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US-China trade talks are a big deal for startups

Business owners are watching this week as a U.S. delegation negotiates with Chinese officials

Congress has remained largely on the sidelines as President Donald Trump and Beijing wage their tariff battle. A U.S. delegation is in China this week. (Win McNamee/Getty Images file photo)
Congress has remained largely on the sidelines as President Donald Trump and Beijing wage their tariff battle. A U.S. delegation is in China this week. (Win McNamee/Getty Images file photo)

Vicki Mayo helps run an Arizona company that makes a watch-like device it boasts eases stress. Now the future of her company could hinge on the outcome of talks this week to resolve the tariffs standoff between the United States and China.

As owner and co-founder of Scottsdale-based tech startup The TouchPoint Solution, Mayo said she had high hopes of expanding the business. But she put those plans on hold after the Trump administration imposed 10 percent tariffs on Chinese imports last year, with a threat to increase those duties to 25 percent.

Mayo says she was relieved when the administration and Beijing declared a ceasefire in December and put the tariff rate increase on hold until March 1 to give the two countries time to possibly broker a broader and more permanent trade agreement.

She will be watching, she said, for signs of progress between the two economic giants this week as a U.S. delegation led by Jeffrey Gerrish, deputy U.S. trade representative, negotiates with Chinese officials. The U.S. delegation arrived in Beijing on Sunday for an expected two days of talks, which experts say are unlikely to produce an immediate breakthrough.

But Commerce Secretary Wilbur Ross told CNBC Monday that “there’s a very good chance that we will get a reasonable settlement that China can live with, that we can live with and that addresses all of the key issues.” Ross didn’t provide details.

“I am cautiously optimistic,” said Mayo, who started TouchPoint Solution in December 2016. She has a 10-person team in Scottsdale and manufacturing contracts with Arizona and Chinese firms to produce the device, which the company describes as “neuroscientific wearables that were designed to provide fast relief from stress at the push of a button.”

Adds Mayo: “We’ve grown because our technology takes away stress.” To meet demand, Mayo said she was considering moving all of her production to China, which she says has a larger manufacturing base for the kind of technology her company needs.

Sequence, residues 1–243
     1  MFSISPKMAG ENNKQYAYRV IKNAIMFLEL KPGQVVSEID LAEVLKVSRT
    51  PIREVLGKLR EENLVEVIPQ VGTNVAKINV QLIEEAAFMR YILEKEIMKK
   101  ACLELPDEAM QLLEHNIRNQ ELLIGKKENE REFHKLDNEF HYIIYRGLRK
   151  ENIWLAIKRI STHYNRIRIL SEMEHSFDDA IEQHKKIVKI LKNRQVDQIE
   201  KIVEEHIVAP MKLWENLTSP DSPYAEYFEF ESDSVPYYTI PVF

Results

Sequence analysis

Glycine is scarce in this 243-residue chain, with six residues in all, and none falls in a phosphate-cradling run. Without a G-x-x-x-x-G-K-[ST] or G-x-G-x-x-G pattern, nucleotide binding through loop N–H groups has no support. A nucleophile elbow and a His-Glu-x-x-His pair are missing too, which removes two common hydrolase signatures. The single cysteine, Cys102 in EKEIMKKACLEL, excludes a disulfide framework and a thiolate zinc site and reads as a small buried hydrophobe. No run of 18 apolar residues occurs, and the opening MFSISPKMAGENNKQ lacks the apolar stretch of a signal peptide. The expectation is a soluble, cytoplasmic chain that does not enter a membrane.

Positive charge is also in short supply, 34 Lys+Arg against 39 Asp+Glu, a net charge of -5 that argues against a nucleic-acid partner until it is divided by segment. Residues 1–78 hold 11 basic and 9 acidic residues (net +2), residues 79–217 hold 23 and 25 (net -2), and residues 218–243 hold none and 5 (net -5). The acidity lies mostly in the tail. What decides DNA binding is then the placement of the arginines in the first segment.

For now, however, she said the 10 percent tariff that TouchPoint Solution pays on the Chinese-made hardware is a cost the company can absorb, but the prospect of a 25 percent tariff gives her pause.

“We are keeping a very close eye on these tariffs,” Mayo said.

Mayo’s company is not alone. Several industries, including agriculture, technology and bicycle helmet makers, have testified before Congress and other agencies about the detrimental affects of the tariff standoff. For example, USDA projects $9 billion in agricultural exports to China in 2019, a decrease of $3 billion from its earlier forecast and the lowest level of exports to China since 2007, according to a department outlook report. USDA cited trade tensions and other factors for the decline.

Sage Chandler, international trade vice president for the Consumer Technology Association, said if there is no resolution of the U.S.-China dispute the impact of higher tariffs “will become more real and noticeable” to consumers.

CTA, whose membership includes TouchPoint, says tech companies paid $800 million more in tariffs in 2018 than in 2017, with 70 percent of those higher duties resulting from the last round of U.S. tariffs on imported Chinese goods.

Still, President Donald Trump and administration officials credit three waves of U.S. tariffs in 2018 for Beijing’s nod to more talks, and to agreeing to discuss policies the United States finds troublesome: restrictions on U.S. companies’ investment in China, theft of U.S. intellectual property and ongoing cybertheft from American firms.